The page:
This is an essential component to ensure free and open competition exists, so the market will price the value of health care services and products.

To kick off Idaho Care, the statute would require any provider (hospital, clinic, etc) to price their services and supplies no higher than those allowed under Medicaid. This requirement would last one year and then fall off to let the market set the prices.

You Own Your Idaho Care Account It’s an Asset

With this system, individuals would own their HSAs. The accounts would accumulate pools of money to pay for current and future medical care or plus-up insurance. They could supplement their accounts, without limit, to build up larger balances, which they could then use to pay for medical services or additional catastrophic or plus’up insurance. What is “plus’up” insurance? I’ll discuss this in the next section.

HSA owners could also donate a portion of their accounts to friends, relatives, or charities. When a person dies, the owner could will their account to family members, friends, or charities. The accounts could never be taken or taxed by the government unless there were no heirs.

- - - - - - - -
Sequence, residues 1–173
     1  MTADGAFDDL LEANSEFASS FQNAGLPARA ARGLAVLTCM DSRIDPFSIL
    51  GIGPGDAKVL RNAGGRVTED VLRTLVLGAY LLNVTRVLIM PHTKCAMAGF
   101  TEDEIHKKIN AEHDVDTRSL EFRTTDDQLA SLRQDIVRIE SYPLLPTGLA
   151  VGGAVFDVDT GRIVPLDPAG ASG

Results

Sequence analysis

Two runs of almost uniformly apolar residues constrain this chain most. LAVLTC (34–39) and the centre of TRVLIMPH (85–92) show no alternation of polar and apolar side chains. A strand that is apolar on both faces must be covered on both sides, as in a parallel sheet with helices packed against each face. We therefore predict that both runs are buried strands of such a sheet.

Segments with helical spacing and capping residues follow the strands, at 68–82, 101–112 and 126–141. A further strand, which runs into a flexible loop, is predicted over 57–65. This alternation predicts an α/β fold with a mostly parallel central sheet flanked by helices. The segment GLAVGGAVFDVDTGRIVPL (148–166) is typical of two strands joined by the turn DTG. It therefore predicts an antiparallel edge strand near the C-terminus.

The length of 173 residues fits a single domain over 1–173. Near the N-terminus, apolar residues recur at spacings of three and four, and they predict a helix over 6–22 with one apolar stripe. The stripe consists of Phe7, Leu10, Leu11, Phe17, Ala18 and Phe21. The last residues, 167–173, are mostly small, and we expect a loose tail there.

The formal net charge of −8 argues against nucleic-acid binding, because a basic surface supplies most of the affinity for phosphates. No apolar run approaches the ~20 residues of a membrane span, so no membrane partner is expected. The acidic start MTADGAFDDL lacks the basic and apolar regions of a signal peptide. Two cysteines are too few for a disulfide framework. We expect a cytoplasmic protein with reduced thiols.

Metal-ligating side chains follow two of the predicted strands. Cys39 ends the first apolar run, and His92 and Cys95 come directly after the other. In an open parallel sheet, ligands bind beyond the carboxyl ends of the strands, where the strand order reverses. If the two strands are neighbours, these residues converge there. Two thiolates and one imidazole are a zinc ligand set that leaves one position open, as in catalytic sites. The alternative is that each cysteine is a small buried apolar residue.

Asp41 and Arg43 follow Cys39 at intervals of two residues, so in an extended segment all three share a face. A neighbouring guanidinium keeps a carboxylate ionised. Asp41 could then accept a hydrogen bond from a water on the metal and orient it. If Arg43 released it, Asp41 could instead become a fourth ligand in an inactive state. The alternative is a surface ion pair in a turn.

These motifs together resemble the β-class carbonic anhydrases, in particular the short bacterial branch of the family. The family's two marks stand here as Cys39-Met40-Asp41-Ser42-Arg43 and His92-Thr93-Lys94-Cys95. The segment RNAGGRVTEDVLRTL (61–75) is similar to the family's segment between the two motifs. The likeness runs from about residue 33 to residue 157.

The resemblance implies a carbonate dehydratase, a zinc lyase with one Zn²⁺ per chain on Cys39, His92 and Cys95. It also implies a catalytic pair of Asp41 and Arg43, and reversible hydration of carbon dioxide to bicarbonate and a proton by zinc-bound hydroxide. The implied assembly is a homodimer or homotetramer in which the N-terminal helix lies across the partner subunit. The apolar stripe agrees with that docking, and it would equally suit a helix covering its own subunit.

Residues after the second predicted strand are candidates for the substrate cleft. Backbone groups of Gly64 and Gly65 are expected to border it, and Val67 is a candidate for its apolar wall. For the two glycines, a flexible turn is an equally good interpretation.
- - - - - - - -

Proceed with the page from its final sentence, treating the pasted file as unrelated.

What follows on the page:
Block Payment Insurance

Unlike today, where third parties negotiate the costs of health care, Idaho Care approved plans would prohibit line item health care insurance reimbursement. In our current system, government requires doctors to use 68,000 diagnostic codes and almost as many treatment codes to complete paperwork and receive reimbursement. If a medical provider makes a mistake, they can be heavily fined.

There are enormous amounts of regulations and policies to comply with before government and insurance carriers agree to pay for services. To comply, hospitals and medical providers must hire armies of clerks and staff members to document and fill out paperwork, which is a waste of time and money. The same money which could be used to provide better and less expensive patient-centered medical care.